Baldwin v. Daniels, 154 Cal.App.2d 153
[Civ. No. 17320. First Dist., Div. One. Oct. 3, 1957.]
ELIZABETH T. BALDWIN, Appellant, v. JENNIE DANIELS et al., Respondents.
John P. Doran for Appellant.
Doyle & Clecak for Respondents.
WOOD (Fred B.), J.
In this action plaintiff seeks to set aside three judgments upon the ground
of extrinsic fraud. Defendants' demurrers (general and special) to the second
amended complaint were sustained without leave to amend, and a motion to strike
portions of the complaint was granted. Plaintiff appealed from the judgment entered
thereon. She poses the following question upon this appeal: "Are facts enough
alleged in the amended complaint to constitute a cause of action, conceding that
those matters which were properly subject to a motion to strike were ordered stricken
from the second amended complaint?"
 The second amended complaint wholly failed to state a cause of action.
It dealt in legal conclusions and failed to state facts constituting grounds for
relief. For example, it alleged that the judgments were obtained through "extrinsic
fraud" but averred no facts constituting such fraud. In that regard it did
not differ essentially from this very plaintiff's complaint in a similar action
which was found insufficient in Baldwin v. Daniels, 132 Cal.App.2d 560 [282 P.2d
522]. We refer to the opinion written in that case for an apt and adequate exposition
of the applicable principles of law. [154 Cal.App.2d 155]
 There was no abuse of discretion in denying leave to amend. This is not
a case of sustaining a demurrer without leave to amend a complaint that did state
a cause of action as was the case in Eads v. Marks, 39 Cal.2d 807, 812-813 [249
P.2d 257]. This complaint was insufficient.
Nor is this a case in which a plaintiff had no opportunity to amend as was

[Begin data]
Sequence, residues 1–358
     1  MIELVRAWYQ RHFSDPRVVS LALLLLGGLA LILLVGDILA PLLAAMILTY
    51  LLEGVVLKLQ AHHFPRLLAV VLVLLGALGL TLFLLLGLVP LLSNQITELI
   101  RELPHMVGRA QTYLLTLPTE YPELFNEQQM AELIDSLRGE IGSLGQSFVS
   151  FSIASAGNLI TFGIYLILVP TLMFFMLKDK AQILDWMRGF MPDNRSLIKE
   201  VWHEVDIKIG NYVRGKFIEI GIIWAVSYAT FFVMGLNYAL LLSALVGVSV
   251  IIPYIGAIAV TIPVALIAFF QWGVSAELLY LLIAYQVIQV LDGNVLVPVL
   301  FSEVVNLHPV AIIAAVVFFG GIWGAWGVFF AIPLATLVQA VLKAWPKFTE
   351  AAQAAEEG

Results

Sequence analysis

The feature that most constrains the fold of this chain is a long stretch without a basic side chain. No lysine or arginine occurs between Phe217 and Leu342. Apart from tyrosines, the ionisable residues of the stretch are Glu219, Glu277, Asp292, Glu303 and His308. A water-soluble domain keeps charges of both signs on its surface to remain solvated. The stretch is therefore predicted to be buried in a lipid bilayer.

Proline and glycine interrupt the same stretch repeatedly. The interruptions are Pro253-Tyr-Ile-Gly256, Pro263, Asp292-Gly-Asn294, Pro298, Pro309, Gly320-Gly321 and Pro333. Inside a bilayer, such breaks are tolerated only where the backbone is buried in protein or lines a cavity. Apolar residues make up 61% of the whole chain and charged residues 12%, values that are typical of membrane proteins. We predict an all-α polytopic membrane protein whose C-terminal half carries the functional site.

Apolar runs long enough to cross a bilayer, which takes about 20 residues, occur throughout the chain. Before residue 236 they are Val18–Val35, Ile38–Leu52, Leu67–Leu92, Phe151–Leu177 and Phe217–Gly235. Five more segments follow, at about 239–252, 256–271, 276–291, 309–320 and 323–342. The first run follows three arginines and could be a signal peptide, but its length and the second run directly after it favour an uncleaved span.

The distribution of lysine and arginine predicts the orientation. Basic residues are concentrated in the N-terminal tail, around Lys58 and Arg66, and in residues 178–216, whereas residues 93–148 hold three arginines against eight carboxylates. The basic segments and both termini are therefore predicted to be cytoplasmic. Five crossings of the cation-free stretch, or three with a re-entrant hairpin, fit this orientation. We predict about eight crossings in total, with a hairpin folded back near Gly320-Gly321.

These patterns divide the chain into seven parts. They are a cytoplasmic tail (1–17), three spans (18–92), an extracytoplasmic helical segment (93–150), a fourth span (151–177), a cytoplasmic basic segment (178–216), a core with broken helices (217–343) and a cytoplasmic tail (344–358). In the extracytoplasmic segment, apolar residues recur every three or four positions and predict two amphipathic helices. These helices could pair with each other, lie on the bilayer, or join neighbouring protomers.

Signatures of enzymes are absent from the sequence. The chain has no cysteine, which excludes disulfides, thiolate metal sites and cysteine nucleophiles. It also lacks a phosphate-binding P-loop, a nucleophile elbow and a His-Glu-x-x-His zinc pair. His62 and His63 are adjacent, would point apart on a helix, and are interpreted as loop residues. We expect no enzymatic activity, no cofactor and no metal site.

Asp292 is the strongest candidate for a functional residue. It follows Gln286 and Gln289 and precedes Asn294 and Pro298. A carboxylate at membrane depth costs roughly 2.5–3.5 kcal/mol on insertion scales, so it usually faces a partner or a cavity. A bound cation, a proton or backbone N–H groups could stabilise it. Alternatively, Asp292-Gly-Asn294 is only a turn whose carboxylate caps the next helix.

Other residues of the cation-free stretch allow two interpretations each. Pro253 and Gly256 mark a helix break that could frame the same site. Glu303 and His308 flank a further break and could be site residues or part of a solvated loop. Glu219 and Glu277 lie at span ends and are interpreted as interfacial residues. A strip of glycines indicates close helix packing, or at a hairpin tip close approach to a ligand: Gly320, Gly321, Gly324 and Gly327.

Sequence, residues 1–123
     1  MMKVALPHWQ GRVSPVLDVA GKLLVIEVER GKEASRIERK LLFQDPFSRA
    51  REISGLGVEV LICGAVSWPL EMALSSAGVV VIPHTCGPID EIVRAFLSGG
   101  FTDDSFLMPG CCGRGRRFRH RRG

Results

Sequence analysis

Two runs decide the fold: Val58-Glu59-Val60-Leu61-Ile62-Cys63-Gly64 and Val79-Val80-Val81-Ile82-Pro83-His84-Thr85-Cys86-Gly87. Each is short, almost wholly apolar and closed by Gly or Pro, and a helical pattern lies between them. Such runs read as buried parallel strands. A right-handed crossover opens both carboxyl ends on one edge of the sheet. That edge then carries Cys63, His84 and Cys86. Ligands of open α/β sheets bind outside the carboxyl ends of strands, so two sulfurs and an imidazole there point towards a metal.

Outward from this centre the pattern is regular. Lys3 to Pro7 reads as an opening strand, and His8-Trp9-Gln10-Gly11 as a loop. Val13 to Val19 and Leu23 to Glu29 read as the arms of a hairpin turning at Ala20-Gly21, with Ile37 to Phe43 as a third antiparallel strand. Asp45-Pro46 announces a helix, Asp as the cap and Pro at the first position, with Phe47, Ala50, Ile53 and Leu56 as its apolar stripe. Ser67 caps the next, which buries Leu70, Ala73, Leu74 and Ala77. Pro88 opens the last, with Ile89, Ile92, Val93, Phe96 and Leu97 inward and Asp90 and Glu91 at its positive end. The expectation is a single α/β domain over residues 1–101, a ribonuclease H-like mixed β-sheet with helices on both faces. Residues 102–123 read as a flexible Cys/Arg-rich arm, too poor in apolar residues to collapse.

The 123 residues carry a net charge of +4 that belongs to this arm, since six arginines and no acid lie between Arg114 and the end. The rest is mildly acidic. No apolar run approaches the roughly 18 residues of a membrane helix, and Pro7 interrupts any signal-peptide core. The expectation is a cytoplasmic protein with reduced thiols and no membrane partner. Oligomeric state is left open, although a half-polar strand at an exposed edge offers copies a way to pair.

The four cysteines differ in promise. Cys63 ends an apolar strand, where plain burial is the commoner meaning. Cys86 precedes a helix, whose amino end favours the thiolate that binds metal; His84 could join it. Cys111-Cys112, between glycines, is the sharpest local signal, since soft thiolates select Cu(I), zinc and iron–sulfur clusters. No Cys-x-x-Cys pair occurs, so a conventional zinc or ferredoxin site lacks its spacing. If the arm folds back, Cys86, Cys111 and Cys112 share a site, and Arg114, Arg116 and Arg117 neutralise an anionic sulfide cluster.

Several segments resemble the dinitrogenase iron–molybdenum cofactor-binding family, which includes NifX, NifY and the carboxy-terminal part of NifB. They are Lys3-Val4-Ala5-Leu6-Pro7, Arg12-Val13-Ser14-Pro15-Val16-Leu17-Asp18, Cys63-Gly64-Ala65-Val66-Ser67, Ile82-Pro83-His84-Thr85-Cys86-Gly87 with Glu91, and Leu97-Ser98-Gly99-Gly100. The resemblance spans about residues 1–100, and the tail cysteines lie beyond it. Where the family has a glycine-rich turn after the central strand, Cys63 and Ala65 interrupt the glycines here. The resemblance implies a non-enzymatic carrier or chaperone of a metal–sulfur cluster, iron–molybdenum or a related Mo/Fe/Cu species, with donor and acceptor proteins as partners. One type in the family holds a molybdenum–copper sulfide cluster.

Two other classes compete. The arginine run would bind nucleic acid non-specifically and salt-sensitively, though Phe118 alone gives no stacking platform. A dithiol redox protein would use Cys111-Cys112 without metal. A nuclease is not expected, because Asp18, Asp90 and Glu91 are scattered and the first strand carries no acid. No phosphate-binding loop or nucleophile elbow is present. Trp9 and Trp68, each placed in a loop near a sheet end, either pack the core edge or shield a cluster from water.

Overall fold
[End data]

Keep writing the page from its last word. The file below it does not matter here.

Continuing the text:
the case in King v. Mortimer, 83 Cal.App.2d 153, 158 [188 P.2d 502], and Adkins
v. San Francisco, 8 Cal.App.2d 620 [47 P.2d 751]. This was plaintiff's second
amended complaint. We may reasonably infer from that fact that the defects under
discussion had been called to plaintiff's attention and that the trial court had
given leave to amend the original or the first amended complaint. Moreover, plaintiff
and her counsel had the information afforded by the decision in Baldwin v. Daniels,
supra, 132 Cal.App.2d 560, concerning the requisites of a complaint to vacate
a judgment upon the ground of extrinsic fraud. That decision was rendered April
27, 1955. The second amended complaint herein was verified and filed January 9,
In addition, plaintiff makes no representation that she has further "facts"
to plead, in order to state a cause of action. fn. * Instead, she stoutly maintains
she has stated a cause of action.
Under these circumstances we find that no abuse of discretion was committed
by the trial court in refusing further opportunity to amend.
In plaintiff's closing brief, her counsel makes no helpful contribution to
the discussion of the legal issues upon this appeal. Instead, he gratuitously
repeats and elaborates upon the scandalous and abusive remarks concerning our
courts and judges which the trial court appropriately ordered stricken from the
second amended complaint.  "An attorney who files a brief which contains
disrepectful, scandalous, or abusive language directed against courts, officials,
or litigants violates a statute requiring attorneys to maintain the respect due
to courts and judicial officers, commits a reprehensible breach of [154 Cal.App.2d
156] duty, and is guilty of contempt of the appellate court." (4 Cal.Jur.2d
322, Appeal and Error, § 486.) Accordingly, we are moved to and do order
plaintiff's closing brief stricken from our files.
The judgment is affirmed.
Peters, P. J., and Bray, J., concurred.
FN *. Plaintiff did state in her second amended complaint, toward the
end thereof, that "lack of specification of dates and file numbers plaintiff
alleges does not justify the upholding of a special demurrer though if required
plaintiff will supply them, and she now makes application for leave to supply
"Dates" and "file numbers" would be useful in identifying
the judgments plaintiff seeks to set aside, but supplying them would not supply
the missing facts necessary to state a cause of action for extrinsic fraud.